being thorough. The question is only worth 5 marks, therefore this candidate should have provided
less detail about the effect of varying the source, message and receiver, and should have mentioned
the stages in the process. AO1: 4/5
(b) There are various explanation for celebrity worship they differ in terms of whether they
view the behaviour as adaptive.
McCutcheons absorption-addiction model argues that people develop these para-social
relationships with celebrities because of inadequacies in their real life. They attempt to escape
from reality and cope with their situation by developing relationships with celebrities. The
relationship can provide an identity and give a sense of purpose. Para-social relationships are
seen as addictive. The individual needs an increasingly strong involvement with their celebrity
and once a relationship reaches a certain intensity the stronger the relationship the poorer
psychological health. (5)
One of the strengths of this theory is that it reflects the three levels of celebrity worship.
Most fans stay in the harmless ‘Level One’ stage social entertainment, those with a weaker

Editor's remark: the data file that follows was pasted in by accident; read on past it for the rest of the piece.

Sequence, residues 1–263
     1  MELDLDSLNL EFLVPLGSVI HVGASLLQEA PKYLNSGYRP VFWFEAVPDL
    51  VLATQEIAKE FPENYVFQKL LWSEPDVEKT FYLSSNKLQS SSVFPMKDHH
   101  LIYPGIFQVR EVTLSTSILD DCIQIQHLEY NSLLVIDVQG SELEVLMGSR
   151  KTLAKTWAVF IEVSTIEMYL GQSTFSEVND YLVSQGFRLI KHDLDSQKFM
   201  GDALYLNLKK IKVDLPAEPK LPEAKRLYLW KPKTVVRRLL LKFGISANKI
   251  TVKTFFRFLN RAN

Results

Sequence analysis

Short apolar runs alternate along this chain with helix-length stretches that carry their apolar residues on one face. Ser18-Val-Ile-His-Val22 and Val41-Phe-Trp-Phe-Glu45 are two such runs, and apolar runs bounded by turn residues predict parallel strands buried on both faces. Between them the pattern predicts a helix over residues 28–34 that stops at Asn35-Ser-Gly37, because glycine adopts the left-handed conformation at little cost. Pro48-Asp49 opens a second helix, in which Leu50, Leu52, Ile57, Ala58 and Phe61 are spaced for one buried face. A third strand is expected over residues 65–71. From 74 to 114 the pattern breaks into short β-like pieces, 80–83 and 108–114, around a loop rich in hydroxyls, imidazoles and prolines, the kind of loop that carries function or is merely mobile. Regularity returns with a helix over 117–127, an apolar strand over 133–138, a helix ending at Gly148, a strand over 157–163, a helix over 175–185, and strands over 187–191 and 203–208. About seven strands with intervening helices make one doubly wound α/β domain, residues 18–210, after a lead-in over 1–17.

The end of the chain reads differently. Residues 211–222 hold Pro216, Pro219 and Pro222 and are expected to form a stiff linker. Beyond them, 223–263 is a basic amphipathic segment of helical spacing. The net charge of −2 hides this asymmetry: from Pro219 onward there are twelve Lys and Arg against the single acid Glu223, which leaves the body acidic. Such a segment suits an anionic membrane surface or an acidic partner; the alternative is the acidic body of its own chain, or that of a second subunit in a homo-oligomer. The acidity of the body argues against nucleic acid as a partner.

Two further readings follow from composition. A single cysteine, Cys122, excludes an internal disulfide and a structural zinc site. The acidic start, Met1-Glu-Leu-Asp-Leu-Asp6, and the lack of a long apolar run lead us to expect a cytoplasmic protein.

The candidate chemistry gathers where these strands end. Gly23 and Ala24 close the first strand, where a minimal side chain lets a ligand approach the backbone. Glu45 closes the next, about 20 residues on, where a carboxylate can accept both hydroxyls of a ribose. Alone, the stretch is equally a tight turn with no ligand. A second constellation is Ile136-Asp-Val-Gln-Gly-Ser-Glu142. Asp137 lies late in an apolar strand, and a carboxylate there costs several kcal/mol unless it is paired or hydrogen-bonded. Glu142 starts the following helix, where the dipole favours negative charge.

sense of personal identity or coping skills become absorbed in a celebrity’s life and the third
level is reached by a few people who have the poor mental health and social adjustment.
Maltby in a study of students found that individuals at each successive level of the CAS showed
higher levels of social dysfunction and anxiety providing support for the pathological view of
celebrity worship but because of the correlational design causal inference cannot be drawn. One
issue of relevance here is that the manifestation of celebrity attraction seems to be a culturally
specific phenomena typical of individualist cultures. (6)
Evolutionary explanations challenge this view (7) arguing that the tendency to look up to and
imitate successful individuals could have had powerful advantages in the past and is a more
efficient way of learning than trial and error. However the more extreme 2nd and 3rd levels of
celebrity seem to go beyond imitation and are associated with dysfunction
According attachment theory, the tendency to form para-social relationships starts in early